• Even under a Trump administration, plenty of media organizations party on for the White House correspondents' dinner

 • The single best joke told by every president, from Obama to Washington

 • How a journalists' dinner became a celebrity blowout


https://www.washingtonpost.com/news/arts-and-entertainment/wp/2017/02/25/trump-will-not-attend-the-white-house-correspondents-dinner
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« Reply #18 on: March 02, 2017, 04:47:11 pm »


Mark Morford

Trump ruins everything: The problem of nothing else mattering

By Mark Morford, SF Gate Columnist | 9:03PM PST - Tuesday, February 28, 2017

Put your fist down, you orange thug. You don't deserve a single iota of the power you have.
Put your fist down, you orange thug. You don't deserve a single iota of the power you have.

OSCAR GAFFEE 2017? NASA discovering seven new, Earth-like planets? Milan Fashion Week? Subway's chicken is only 50 percent chicken? Thousands (!) of female employees sexually harassed by male bosses, for years, at Kay Jewelers? Someone you know and/or love getting married, buying a house, moving to Peru, replacing a kidney, showing you snazzy vacation photos from Mexico or Costa Rica or the moon?

Whatever. I mean, it's all wonderful. It’s all delightful and disturbing and beautiful as ever — except, of course, that it's not. Not completely, anyway.

I mean, how can it be, when everything is covered in this gloomy, oozing pall? When everything is so inexorably tainted by the devastating reality that we are, as a nation and a species, fast circling the karmic drain, that everything good and hopeful from the past 10 — or is it 100? — years is being crushed and spit upon, when democracy as we know it is being gruesomely dismantled in real time, to be replaced by something like fascism, only dumber?

Did you endure any of Trump's scowling, heavily edited, lie-strewn address to Congress? Did you feel the shudder and groan that shot through the planet like a sighing death knell?

Of course you did. Everyone did. It's a real problem, this feeling of Trump-stabbed ennui, this all-consuming sense that nothing else can possibly matter right now but the ongoing, vicious desecration of everything you ever cared about. It's not exactly an isolated feeling. Nor is it limited to liberal “bubbles” like San Francisco.




It's everywhere. The collective anxiety is palpable. Stress levels nationwide have skyrocketed. School-kids are freaking out. Immigrants are panicking. Psychiatrists are busier than ever. Airports are sort of surreal. Foreign countries are steeling themselves against America's imminent tidal wave of thuggish violence and isolationism. Hate is begetting hate, trolls are begetting trolls and it's all you can do to take a deep breath, meditate for 15 minutes and pour a bottle of wine down your face, lest you spontaneously combust.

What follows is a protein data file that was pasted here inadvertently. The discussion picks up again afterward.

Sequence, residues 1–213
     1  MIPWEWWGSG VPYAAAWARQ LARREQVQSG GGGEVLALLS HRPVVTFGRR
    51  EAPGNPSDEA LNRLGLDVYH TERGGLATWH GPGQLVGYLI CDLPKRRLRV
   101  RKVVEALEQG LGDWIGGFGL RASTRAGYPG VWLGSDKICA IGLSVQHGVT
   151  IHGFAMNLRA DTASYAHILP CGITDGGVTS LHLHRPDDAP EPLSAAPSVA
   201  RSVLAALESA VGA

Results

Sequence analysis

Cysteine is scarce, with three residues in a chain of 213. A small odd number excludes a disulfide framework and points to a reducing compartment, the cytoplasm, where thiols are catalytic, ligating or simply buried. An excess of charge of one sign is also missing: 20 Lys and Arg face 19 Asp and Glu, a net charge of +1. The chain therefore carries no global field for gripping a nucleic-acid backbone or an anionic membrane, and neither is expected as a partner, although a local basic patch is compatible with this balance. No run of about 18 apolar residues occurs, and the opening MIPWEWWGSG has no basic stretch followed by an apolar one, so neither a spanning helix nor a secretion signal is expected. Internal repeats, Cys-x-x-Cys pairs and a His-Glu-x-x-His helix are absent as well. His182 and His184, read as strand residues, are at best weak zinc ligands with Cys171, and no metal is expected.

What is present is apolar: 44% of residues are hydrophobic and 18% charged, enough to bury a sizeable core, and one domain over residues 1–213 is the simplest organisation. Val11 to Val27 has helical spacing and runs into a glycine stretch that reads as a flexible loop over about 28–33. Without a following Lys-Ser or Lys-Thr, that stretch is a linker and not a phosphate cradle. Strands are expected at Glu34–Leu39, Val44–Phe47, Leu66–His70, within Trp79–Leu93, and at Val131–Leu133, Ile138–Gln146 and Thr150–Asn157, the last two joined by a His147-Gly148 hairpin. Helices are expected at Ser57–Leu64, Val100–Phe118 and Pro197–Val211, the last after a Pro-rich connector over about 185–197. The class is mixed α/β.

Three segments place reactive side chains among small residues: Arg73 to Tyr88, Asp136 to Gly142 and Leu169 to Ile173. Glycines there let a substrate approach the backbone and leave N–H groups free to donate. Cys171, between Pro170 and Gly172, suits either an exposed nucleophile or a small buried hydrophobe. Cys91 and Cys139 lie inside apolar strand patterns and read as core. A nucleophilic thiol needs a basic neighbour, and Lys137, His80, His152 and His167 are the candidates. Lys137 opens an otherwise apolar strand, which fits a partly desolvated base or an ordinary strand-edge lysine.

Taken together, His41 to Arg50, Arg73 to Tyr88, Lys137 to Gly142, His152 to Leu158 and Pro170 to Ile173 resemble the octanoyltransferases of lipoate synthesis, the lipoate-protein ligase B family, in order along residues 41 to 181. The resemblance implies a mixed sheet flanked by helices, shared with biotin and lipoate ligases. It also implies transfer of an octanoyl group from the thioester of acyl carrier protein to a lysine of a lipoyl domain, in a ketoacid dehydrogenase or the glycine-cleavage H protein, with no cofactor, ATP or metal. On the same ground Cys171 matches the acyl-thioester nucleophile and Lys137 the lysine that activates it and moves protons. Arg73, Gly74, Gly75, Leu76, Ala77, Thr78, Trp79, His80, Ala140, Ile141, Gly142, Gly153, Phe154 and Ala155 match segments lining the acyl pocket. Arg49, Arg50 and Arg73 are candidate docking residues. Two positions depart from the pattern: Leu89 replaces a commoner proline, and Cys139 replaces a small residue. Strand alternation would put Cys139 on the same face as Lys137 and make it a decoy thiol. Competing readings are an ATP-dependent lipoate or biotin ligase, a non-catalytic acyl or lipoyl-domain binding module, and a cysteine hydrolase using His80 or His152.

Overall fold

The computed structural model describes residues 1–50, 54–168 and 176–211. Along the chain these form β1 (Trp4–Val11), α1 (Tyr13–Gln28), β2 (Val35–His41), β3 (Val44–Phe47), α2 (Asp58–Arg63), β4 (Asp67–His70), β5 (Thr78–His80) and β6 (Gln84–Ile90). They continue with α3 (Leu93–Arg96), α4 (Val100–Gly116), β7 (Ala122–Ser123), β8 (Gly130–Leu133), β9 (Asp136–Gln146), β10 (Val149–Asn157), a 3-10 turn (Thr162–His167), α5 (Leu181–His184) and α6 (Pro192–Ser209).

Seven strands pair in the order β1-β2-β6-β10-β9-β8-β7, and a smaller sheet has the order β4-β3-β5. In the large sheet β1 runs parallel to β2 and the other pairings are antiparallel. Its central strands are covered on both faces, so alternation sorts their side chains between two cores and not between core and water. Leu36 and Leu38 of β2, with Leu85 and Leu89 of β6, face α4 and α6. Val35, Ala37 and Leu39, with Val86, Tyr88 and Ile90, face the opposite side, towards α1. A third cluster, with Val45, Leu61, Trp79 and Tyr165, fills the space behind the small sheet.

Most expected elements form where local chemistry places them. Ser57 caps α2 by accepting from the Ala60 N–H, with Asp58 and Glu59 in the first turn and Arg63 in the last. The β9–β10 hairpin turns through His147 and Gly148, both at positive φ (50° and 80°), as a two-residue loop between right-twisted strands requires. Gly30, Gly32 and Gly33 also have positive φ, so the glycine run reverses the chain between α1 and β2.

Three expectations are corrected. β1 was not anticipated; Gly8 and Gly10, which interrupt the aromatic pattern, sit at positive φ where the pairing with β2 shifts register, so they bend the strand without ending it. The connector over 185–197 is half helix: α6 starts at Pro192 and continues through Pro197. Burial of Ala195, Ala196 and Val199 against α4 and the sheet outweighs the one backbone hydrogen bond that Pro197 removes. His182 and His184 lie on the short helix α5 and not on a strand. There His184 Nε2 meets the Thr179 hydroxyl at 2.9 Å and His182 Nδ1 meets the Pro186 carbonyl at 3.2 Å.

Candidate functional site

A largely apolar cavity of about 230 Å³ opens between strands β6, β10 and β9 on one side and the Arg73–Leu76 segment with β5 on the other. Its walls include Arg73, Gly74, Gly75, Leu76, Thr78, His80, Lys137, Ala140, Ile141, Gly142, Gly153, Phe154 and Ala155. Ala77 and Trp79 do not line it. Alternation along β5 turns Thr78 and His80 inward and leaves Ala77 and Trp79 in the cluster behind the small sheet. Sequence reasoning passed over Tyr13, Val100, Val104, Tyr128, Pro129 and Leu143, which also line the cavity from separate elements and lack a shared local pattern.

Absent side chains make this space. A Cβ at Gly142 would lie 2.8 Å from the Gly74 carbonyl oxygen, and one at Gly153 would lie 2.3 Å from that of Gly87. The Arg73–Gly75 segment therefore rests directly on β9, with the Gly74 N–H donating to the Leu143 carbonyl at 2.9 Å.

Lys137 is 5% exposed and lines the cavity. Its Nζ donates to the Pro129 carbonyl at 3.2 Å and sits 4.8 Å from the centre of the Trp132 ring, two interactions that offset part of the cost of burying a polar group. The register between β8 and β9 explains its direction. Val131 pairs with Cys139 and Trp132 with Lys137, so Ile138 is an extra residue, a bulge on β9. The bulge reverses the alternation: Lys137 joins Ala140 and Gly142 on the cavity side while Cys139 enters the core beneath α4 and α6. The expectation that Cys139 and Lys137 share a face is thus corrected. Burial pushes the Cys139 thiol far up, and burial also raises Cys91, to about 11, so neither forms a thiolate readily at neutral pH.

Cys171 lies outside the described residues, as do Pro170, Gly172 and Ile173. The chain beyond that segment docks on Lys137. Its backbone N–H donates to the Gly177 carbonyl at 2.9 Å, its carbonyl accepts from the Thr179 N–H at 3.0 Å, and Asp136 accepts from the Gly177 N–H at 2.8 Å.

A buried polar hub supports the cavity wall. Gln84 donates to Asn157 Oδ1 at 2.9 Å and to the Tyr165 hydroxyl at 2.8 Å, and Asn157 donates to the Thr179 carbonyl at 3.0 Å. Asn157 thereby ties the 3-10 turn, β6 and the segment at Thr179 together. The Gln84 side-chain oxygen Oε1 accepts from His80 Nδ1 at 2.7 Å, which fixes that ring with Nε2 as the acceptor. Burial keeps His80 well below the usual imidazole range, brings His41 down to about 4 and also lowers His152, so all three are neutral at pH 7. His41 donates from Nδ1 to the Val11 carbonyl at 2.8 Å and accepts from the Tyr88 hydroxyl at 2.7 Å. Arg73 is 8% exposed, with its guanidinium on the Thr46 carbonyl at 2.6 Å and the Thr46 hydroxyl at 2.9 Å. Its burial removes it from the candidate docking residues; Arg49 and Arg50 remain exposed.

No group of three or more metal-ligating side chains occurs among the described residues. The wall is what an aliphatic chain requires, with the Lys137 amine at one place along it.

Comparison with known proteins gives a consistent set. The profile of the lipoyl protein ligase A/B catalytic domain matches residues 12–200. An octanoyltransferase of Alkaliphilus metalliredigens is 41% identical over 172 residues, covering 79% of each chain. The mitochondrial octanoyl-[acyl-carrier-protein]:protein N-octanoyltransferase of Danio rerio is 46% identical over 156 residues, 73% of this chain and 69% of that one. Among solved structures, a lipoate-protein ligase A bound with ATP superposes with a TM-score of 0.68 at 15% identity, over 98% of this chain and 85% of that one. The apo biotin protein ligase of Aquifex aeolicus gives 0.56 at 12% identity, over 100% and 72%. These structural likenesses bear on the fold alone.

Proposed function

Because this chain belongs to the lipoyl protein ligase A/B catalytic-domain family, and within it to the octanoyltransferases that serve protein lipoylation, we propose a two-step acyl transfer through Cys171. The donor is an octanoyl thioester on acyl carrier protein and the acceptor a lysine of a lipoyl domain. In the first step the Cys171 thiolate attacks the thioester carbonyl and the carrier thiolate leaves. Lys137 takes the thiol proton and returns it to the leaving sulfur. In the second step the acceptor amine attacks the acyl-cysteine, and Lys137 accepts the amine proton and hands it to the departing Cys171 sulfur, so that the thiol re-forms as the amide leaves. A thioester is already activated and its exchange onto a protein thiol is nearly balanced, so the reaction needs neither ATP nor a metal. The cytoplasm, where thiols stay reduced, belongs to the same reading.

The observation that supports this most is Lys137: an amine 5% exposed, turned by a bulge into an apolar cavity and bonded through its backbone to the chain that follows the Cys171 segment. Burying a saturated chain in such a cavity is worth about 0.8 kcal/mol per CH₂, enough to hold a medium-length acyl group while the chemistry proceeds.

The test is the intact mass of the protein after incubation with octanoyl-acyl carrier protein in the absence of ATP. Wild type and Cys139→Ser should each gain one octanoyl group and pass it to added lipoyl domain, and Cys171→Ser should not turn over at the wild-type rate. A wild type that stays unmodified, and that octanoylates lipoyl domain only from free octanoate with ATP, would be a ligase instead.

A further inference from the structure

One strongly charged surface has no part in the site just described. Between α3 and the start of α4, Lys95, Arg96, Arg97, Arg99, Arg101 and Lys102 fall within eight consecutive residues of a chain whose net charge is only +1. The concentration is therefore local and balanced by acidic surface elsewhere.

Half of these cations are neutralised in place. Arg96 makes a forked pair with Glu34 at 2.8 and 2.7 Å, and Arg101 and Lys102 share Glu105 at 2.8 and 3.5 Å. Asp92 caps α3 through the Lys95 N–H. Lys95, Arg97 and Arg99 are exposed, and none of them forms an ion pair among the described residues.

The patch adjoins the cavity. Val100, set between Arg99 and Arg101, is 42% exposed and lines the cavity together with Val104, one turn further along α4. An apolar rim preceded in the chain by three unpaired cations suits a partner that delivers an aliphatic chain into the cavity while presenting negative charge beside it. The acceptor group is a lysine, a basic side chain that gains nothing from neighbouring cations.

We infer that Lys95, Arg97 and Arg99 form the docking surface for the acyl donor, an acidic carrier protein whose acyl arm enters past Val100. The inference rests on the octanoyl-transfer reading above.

Is that an exaggeration? Not by much. Fresh entertainments, new inventions, personal sagas, cute kittens, dumb gaffes at the Oscars? It's damn near impossible not to feel that it's all so insanely frivolous, so absurdly self-indulgent, selfish to the point of meaninglessness.


Female members of Congress wear white to honor the women's suffrage movement and support women's rights as U.S. President Donald Trump promises to “move on each of them like a bitch” … er, gives his big speech.
Female members of Congress wear white to honor the women's suffrage movement and support women's rights
as U.S. President Donald Trump promises to “move on each of them like a bitch” … er, gives his big speech.


Hey I like your new haircut, but don't you know we're all going to die? Hey, thanks for sharing your photos from that rave in Tulum — do you know what's happening to the EPA? Oh, you you wrongly handed the Best Picture Oscar? Gosh, sorry. Do you know what Trump and his flying monkeys in the GOP are going to do to Planned Parenthood? To science? To clean f-–king water?

It's not completely true, of course, this ever-present dystopia, this we're-all-screwed insanity. But it's close. We are very much living in the worst-case scenario anyone could have dared to conjure regarding Trump's presidency. This is about as bad as it gets. Except it's only getting worse.




Call it Trump Syndrome, Trump Disorder, Trump Disease — whatever it is, it's downright lethal. It's waking up every day and feeling all cozy and positive for roughly 1/19th of a second before the realization of the orange goblin's very existence slams down upon your liminal well-being like an anvil made of turpentine and nuclear war and the corpses of 1 million dead squirrels.

It's the dread you feel when you pick up your phone after an hour or two of mellow inactivity, only to be confronted, yet again, with a fresh hell of breaking news: some billionaire conspiracy crony jammed into a high-ranking cabinet position, some newly obvious Trump link to the Russian mafia, some embarrassing presidential midnight tweet, some fresh cruelty to women, or immigrants, or blacks, the ACA, some fresh evidence that the GOP is gloating its way to collective treason.

Here's what we know so far: It's nonstop, and will continue to be so, until he's impeached, resigns or explodes into a million tiny shards of oh-thank-god-this-has-all-been-just-a-horrible-dream. How soon will that be? Not soon enough.

It is, of course, no way to live. This poisonous center cannot hold. There is sacred practice. There is yoga, meditation, kindness, invention, a fresh and fervent commitment to daily, intentional refocusing on beauty, art, protest, a more immediate connection to community and love and nature. Tend your own garden. Invite like-minded advocates, creators, thinkers and fighters and dreamers into it. Make a fist together. Use it wisely. Use it often.